relic


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References in classic literature ?
The fool,'' answered Wamba, raising the relics of a gammon of bacon, ``will take care to erect a bulwark against the knave.
They marked the care with which it was deposited in the garde vin, like a relic in its shrine, and concluded that it must be a "great medicine.
With her, the day before, I had become sufficiently familiar, but it almost exceeded my courage (much s I had longed for the event) to be left alone with such a terrible relic as the aunt.
You have heard me speak of my cousine de Maisonrouge, that grande belle femme, who, after having married, en secondes noces--there had been, to tell the truth, some irregularity about her first union--a venerable relic of the old noblesse of Poitou, was left, by the death of her husband, complicated by the indulgence of expensive tastes on an income of 17,000 francs, on the pavement of Paris, with two little demons of daughters to bring up in the path of virtue.
I want to take you first to see a remarkable relic of Mercia, and then we'll go to Liverpool through what is called 'The Great Vale of Cheshire.
I had remained indoors all day, for the weather had taken a sudden turn to rain, with high autumnal winds, and the Jezail bullet which I had brought back in one of my limbs as a relic of my Afghan campaign throbbed with dull persistence.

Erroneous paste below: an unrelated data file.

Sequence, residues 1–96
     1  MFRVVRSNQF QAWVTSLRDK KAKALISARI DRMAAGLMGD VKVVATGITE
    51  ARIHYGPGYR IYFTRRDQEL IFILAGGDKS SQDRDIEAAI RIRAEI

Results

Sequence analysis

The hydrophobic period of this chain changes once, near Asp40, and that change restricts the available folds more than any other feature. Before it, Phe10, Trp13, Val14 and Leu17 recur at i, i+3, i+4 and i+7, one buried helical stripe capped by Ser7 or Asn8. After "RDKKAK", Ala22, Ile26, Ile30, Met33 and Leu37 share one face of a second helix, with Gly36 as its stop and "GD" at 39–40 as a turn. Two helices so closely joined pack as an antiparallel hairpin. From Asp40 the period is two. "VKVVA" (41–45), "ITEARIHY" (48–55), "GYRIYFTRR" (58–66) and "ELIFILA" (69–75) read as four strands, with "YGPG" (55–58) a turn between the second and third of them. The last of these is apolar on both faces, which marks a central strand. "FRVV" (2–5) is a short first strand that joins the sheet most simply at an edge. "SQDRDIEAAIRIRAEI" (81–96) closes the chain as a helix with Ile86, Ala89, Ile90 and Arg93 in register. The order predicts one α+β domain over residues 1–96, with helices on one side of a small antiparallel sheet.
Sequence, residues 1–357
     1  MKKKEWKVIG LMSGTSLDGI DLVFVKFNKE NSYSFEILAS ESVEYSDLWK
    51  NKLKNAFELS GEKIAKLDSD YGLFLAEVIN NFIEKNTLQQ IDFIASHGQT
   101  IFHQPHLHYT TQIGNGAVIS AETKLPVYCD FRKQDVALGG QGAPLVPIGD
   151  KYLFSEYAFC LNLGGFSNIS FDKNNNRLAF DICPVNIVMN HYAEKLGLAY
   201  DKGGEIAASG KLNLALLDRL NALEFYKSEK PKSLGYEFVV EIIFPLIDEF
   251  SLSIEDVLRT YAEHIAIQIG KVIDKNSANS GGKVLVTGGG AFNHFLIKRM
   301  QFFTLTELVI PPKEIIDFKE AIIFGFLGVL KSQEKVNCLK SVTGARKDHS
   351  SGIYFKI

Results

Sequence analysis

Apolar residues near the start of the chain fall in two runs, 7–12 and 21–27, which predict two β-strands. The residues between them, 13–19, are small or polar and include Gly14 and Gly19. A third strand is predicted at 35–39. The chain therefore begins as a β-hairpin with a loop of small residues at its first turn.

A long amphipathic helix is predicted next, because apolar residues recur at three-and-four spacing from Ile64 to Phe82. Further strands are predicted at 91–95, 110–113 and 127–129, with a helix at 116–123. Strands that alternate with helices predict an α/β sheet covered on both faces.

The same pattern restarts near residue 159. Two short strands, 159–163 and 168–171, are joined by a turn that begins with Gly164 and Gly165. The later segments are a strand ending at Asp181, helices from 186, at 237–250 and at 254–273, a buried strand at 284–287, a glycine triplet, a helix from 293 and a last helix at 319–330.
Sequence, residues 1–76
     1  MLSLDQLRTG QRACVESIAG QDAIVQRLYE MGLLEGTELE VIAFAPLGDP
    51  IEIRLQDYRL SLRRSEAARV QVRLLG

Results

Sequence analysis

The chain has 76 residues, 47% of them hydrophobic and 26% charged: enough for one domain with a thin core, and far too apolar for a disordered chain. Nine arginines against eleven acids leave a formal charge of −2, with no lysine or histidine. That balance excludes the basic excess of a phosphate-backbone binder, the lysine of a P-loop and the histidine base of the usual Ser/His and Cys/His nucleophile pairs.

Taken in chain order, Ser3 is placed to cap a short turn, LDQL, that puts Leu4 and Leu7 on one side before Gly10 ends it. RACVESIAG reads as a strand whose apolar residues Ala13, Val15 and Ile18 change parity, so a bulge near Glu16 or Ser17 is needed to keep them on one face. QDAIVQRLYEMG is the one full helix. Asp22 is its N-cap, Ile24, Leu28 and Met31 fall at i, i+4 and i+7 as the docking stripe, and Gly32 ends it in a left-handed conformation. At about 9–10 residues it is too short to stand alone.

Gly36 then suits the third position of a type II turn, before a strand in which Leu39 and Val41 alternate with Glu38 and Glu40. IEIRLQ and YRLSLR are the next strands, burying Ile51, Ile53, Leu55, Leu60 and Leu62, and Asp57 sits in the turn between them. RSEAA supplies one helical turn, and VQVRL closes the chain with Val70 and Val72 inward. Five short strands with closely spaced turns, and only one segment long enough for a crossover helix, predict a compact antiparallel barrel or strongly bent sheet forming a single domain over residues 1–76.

Indeed, I can assure you that a first folio of Shakespeare could not be treated with greater reverence than this relic has been since it came into my possession.
Insensibly comforted by this, the clergyman found his thoughts reverting voluntarily to his favorite relic, which came a good second in his sympathies to his favorite nephew, and before he knew where he was he found himself encircled by the group discussing its loss, and more or less carried away on the current of their excitement.
I must congratulate you on coming into the possession, though in rather a tragic manner of a relic which is of great intrinsic value, but of even greater importance as an historical curiosity.
Some authorities stated that a devotional cross had once formed the complete erection thereon, of which the present relic was but the stump; others that the stone as it stood was entire, and that it had been fixed there to mark a boundary or place of meeting.
With the exception of the dark-eyed woman's chair, which looked like a soiled relic of luxury bought at a country auction, the furniture was of the roughest kind.
Her hand remained in his, and as the carriage lurched across the gang-plank onto the ferry he bent over, unbuttoned her tight brown glove, and kissed her palm as if he had kissed a relic.